Stocks held their own on Thursday, managing to recover from much-larger losses to finish fairly close to the unchanged level. Time after time, investors have reacted strongly to momentary pullbacks in the stock market, choosing to buy on dips rather than engage in any broader-scale panic. That's been supportive for the market as a whole, but even with that generally upbeat influence, several stocks weren't able to avoid large losses today. Among them were Steelcase (NYSE:SCS), Elizabeth Arden (NASDAQ:RDEN), and Bed Bath & Beyond (NASDAQ:BBBY), which fell sharply Thursday.
Steelcase dropped almost 11% after the maker of office furniture and other business equipment posted disappointing quarterly results. Adjusted earnings per share came in 25% below what investors were looking to see, and poor guidance for the current quarter also pointed to potentially difficult times ahead, especially with flat order activity in its key Americas division. Meanwhile, Steelcase is taking measures to try to become more competitive in Europe, the Middle East, and Africa, with projects intending to transfer facility operations elsewhere, or shut down production at one of Steelcase's locations in France. With substantial exposure to Europe, Steelcase needs to see better economic strength there in order to help its overall results.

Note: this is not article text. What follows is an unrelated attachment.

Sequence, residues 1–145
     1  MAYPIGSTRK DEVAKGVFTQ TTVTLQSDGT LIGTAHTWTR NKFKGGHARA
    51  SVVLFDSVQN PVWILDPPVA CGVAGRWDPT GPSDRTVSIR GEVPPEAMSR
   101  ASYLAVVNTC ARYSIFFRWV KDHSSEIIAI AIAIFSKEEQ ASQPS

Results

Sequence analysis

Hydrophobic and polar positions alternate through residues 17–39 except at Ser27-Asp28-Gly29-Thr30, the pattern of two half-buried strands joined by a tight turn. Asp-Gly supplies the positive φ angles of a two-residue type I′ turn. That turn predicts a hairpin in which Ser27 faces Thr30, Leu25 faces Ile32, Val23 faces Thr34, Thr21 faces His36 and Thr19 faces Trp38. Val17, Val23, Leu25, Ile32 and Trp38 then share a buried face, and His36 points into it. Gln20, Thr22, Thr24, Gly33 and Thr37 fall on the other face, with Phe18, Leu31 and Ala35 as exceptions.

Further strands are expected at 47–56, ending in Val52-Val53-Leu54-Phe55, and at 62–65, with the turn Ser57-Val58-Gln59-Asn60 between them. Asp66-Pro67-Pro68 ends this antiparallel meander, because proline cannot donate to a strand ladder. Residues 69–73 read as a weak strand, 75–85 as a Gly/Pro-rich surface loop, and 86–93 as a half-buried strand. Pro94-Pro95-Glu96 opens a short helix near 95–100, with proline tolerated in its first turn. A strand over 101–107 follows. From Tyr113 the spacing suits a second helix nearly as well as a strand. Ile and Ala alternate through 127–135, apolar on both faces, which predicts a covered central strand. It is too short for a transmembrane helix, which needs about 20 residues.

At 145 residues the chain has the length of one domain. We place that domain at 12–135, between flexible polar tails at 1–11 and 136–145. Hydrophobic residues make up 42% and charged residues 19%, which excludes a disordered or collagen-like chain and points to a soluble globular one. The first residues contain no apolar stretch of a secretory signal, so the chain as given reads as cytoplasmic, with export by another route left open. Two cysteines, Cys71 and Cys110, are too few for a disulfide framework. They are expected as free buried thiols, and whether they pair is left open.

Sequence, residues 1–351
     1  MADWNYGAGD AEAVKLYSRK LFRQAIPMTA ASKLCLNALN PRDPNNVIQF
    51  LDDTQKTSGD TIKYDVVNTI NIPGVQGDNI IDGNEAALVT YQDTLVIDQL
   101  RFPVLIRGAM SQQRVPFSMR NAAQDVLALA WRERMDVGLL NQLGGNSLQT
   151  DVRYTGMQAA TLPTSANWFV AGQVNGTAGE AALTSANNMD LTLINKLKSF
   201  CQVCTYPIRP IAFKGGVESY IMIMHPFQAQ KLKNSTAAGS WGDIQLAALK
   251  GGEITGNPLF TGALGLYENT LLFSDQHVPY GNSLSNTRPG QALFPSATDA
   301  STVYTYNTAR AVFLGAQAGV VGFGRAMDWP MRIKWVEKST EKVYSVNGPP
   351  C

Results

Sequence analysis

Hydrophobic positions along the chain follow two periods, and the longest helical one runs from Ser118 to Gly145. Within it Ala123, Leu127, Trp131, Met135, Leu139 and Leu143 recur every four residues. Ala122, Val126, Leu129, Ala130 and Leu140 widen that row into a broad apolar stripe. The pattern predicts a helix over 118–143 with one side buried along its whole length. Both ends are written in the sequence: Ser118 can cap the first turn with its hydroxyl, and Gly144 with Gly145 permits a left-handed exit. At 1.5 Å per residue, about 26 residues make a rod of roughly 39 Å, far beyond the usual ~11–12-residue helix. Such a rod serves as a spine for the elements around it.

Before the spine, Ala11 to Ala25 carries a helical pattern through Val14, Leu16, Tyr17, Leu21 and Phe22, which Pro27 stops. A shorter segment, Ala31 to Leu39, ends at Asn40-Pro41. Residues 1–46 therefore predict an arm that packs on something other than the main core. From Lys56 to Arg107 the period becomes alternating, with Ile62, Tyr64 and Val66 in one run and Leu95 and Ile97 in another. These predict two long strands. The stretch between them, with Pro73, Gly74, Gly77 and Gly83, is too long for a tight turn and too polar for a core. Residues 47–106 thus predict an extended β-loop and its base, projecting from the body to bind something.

Elizabeth Arden plunged 17% in light of a move from South Korean company LG Household not to pursue a potential acquisition of the cosmetics company. Arden announced earlier this week that it would restructure its operations in order to try to limit future losses, and that apparently put the brakes on LG Household's possible negotiations to purchase the company. Elizabeth Arden's strategy to focus on its most-profitable businesses is one that many retail companies have followed; but what's unclear is whether its moves this week will enhance its attractiveness to potential buyers, or drive would-be acquirers away.
Bed Bath & Beyond fell 7% on poor quarterly results, with same-store sales rising only 0.4%, and earnings falling on a year-over-year basis. Moreover, the home-goods retailer issued guidance that fell well short of what shareholders wanted to see, with earnings estimates between 3% and 10% lower than current analyst projections. With gross margins hitting their worst levels in years, Bed Bath & Beyond has struggled to keep up with its peers' superior efforts to make the most of their e-commerce channels to boost overall sales. Until Bed Bath & Beyond can match those efforts, it will have trouble keeping overall sales up, and that, in turn, could hold back the stock for the foreseeable future.
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Dan Caplinger has no position in any stocks mentioned. The Motley Fool recommends Bed Bath & Beyond. Try any of our Foolish newsletter services free for 30 days. We Fools may not all hold the same opinions, but we all believe that considering a diverse range of insights makes us better investors. The Motley Fool has a disclosure policy.